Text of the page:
There are also huge gaps with regard to the number of people working in research and development. It is estimated that in the United States approximately 1 million people are working in R&D, compared with fewer than 30,000 in our countries. There are millions of web sites about R&D in the United States, while in our region, the total is below 300. These differences are also reflected in such areas as the number of patents and in how many businesses are involved in innovation on an ongoing basis.

The capacity for innovation begins with the educational system. The connections between technology and basic science training are growing closer and closer. However, the quality of our educational systems must be strengthened, especially in these areas. For example, the Programs for International Student Assessment (PISA) tests conducted by the Organization for Economic Cooperation and Development—which enable us to compare results among countries—show that the highest-scoring 10 percent of Latin American and Caribbean students would be among the lowest 25 percent for Korea. This is also a major gap that must be addressed. There are multiple challenges.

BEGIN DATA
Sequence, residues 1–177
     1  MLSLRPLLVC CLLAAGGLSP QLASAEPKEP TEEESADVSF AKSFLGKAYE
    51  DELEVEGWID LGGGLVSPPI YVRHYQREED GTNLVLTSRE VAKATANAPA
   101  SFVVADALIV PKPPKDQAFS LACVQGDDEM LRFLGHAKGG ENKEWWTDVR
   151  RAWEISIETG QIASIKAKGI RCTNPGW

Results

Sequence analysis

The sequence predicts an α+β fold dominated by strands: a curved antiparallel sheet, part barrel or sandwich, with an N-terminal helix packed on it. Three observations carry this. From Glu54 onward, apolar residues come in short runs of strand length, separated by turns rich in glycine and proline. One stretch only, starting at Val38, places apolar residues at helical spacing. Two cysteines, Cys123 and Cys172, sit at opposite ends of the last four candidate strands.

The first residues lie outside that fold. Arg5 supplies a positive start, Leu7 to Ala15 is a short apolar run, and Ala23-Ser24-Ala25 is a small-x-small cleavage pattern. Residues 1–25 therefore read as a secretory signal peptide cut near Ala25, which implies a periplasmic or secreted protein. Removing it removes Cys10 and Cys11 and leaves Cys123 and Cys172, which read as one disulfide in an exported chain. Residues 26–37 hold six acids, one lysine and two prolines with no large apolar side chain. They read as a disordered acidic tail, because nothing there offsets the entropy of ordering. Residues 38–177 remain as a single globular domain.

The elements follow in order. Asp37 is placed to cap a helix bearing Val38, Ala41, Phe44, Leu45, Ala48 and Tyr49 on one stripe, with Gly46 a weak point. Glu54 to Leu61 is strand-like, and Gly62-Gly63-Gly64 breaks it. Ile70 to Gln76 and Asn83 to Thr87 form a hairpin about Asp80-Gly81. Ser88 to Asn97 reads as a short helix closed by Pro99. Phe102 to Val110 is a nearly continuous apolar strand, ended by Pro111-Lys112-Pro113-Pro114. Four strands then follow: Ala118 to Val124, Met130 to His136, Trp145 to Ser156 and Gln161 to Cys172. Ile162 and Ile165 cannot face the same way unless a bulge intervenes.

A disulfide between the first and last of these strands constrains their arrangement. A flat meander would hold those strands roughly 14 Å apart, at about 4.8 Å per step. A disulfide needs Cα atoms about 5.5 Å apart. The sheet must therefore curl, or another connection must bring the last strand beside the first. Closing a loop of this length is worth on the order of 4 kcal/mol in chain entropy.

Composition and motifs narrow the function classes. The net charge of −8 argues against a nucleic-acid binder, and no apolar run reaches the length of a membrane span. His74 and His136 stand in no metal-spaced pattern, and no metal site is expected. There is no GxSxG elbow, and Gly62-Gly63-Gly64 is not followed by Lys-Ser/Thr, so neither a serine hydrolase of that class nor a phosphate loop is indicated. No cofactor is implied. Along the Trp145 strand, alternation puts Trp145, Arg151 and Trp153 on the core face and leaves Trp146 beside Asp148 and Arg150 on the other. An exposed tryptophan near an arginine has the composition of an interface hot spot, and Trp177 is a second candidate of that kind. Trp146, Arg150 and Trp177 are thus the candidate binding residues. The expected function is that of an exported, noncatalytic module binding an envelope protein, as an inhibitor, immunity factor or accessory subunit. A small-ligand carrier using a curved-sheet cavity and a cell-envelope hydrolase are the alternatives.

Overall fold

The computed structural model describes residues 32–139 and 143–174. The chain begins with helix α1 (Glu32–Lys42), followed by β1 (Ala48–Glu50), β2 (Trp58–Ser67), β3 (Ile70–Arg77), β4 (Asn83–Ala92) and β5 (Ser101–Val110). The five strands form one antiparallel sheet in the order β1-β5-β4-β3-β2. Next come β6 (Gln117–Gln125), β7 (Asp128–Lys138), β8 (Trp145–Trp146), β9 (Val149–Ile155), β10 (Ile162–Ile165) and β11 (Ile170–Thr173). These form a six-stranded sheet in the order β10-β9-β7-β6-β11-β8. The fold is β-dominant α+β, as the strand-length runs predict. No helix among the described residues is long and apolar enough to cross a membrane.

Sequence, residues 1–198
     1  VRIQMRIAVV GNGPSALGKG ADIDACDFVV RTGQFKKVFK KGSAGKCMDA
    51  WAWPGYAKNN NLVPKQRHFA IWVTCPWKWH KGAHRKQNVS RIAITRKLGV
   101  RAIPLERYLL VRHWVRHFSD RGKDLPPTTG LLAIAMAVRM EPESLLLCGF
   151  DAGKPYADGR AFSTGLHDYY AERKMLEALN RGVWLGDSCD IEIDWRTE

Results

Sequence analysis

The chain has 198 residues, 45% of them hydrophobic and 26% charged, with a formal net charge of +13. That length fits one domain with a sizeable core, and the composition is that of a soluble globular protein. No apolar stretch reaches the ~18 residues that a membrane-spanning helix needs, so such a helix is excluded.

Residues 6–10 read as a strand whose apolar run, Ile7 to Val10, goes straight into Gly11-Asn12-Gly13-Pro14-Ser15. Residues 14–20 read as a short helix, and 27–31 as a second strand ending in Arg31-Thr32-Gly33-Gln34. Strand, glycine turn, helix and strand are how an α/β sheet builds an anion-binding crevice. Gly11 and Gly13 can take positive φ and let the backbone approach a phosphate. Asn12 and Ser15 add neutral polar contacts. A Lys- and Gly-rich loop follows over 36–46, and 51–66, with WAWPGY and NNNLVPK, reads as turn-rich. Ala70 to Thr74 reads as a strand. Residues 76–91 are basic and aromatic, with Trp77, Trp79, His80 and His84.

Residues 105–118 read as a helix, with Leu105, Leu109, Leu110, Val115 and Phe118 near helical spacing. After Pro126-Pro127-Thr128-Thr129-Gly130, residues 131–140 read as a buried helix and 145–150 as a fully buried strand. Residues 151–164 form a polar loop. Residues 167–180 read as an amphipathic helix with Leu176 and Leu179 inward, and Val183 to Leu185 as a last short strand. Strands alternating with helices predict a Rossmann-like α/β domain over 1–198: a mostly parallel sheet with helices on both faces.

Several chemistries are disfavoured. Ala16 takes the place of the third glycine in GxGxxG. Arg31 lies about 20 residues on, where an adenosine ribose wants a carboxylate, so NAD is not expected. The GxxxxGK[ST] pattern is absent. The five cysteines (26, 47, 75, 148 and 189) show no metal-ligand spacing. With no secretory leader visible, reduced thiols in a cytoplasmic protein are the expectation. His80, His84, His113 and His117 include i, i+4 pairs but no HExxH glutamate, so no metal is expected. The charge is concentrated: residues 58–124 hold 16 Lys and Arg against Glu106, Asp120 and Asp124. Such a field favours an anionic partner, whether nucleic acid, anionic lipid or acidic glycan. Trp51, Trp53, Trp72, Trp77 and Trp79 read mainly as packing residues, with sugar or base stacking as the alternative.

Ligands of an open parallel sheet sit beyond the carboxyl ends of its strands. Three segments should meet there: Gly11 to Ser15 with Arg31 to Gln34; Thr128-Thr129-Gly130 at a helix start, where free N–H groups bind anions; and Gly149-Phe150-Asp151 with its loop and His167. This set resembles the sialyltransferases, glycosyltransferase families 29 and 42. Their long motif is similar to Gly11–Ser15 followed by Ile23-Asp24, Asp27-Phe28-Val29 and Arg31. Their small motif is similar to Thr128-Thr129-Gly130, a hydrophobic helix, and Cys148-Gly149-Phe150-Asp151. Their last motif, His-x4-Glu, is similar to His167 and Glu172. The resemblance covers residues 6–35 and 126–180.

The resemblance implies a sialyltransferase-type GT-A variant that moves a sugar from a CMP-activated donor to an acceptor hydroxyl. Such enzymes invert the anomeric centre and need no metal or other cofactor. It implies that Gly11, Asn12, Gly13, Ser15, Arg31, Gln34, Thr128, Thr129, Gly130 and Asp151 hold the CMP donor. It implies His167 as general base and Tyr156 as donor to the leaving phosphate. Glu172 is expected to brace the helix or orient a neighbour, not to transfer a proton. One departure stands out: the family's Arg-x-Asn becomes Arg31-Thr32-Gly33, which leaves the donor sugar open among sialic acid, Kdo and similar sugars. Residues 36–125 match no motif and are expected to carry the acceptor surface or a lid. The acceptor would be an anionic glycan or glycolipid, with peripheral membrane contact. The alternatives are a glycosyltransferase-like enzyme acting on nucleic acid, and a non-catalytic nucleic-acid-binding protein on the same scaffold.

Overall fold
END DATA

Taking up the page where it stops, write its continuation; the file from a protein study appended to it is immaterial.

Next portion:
IDBAmérica: What are the economic and social consequences of not advancing in science and technology?

Jarque: One is that we become less competitive. Many economies in the region have become less competitive on a global basis, and this is partly due to weaknesses in science and technology. We could see this very clearly from our meeting in Lima. Underutilization of science, technology and innovation limits manufacturing capability, return on investments and job creation. It’s hard to compete in a world with a globalized economy if you don’t keep innovating, because innovation is what enables you to make products that offer an increasing amount of value added.